Monday afternoon I was stuck in the library staring at the screen of my laptop willing my mind to think and daring my hands to write. It does not help when you are trying to get things done but you already doubt your ability. There is always that desperate need to be good, to be the best at what you do or at least be counted among the best. This is the pressure associated with having to impress someone else. It’s the discomfort of being the subject of scrutiny. It’s no different from having someone ask you to sing for them, you suddenly become self-conscious and even though you do it so well in the shower it becomes daunting.
We often find it hard to step out of the circles of our comfort. To venture into worlds unexplored.
My hand wouldn’t move, they remained resting on the keys like lizards on a wall waiting for the sight of a fly before they can start chasing. I waited for the whirlwind of the numerous thoughts running through my head to settle so I could Isolate them, turn them into words and then let my fingers dance on the keys just so I could lay my deepest and most intimate thoughts naked at the feet of readers like you.
Life often feels like reading from a script, we are more comfortable predicting our next moves. I think it is this school of thought that gave rise to the formation of institutions such as insurance firms, social security and pension schemes. What if we never had it all planned, what if we dared to break free from the shackles of this routine and simply become outrageous? Dare to live. Instead of attempting to control what goes on in our lives, we leave ourselves to become subjects or vessels to the waves of life.
My fingers remained adamant, they just wouldn’t move and my brain remained unwilling. I was not making much progress; I was not making any progress at all.
Without much thought, I closed my laptop and left. I did not have a clear idea of where I was going. I boarded a Ngong bound matatu. I do not have knowledge of any relatives or friends that reside in Ngong, but I had once gone to Ngong when I was 9. I sat by the window, paid my fare as if I knew where I was going and stared outside. I know it can be considered a little irrational and some people might call me idle but the truth is there was so much I needed to do.
So here I was going to no place in particular just because I could. For the first time in a long time, I was headed towards an unusual route. I could not predict what lay ahead, I simply kept going anticipating to see whatever would catch my eye. For the first time in a long time, I enjoyed watching things race in the opposite direction, like I was a kid again. I saw things with the eye of a child, I missed nothing.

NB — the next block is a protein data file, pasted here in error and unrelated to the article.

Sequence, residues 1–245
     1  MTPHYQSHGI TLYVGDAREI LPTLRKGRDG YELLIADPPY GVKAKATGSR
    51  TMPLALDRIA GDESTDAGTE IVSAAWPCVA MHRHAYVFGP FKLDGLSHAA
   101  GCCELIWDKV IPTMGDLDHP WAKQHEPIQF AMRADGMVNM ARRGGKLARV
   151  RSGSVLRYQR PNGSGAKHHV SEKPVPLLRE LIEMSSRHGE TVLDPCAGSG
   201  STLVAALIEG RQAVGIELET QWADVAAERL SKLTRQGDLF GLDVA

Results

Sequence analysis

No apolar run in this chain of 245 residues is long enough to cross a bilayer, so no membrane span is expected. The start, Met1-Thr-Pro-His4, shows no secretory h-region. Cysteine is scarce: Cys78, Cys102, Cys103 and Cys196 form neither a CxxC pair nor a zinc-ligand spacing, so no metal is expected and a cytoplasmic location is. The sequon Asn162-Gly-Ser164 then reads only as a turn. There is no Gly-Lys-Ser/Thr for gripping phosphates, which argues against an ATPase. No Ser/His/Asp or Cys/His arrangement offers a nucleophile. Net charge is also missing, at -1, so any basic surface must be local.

We are all bound by limits we set for ourselves. For example, it’s a lot hard for us to walk into a showroom to check out cars if we deem ourselves broke or unable to afford a car. There are restaurants we have not dared to set foot in because we deem ourselves unworthy by simply looking at how they looked from the outside. Why would you board a matatu if you have nothing to do at the final destination?
Stepping out of our comfort zones and doing things we would otherwise not do is geared to ensure we grow. New experiences give rise to new knowledge. Ignorance is the fear that has put boundaries on how far we can go and the dreams we have. It is important we interact effectively with our world. Dare to be adventurous bring your imagination to life, go see places you have only heard of, and see how the people live. Is it not frightening we might die having not set foot in some places in Kenya? We have allowed ourselves to be bound in our neighbourhoods, workplace, school and the usual circle of friends we always interact with. We are the only limit as to where we can go, how far we can go and what we can do.
We should allow ourselves to be surprised by whatever happens next, this is how we make memories, it is why first times make great and long-lasting impressions. How many first times do you gift yourselves with? Do the irrational just so you can and just because you can.
Onduu Oluoch is a writer, poet and human rights activist obsessed with being black and African. He is currently a student pursuing linguistics media and communication at Moi University. He is an ardent reader of African literature and believes the whole point of life is being part of a good story.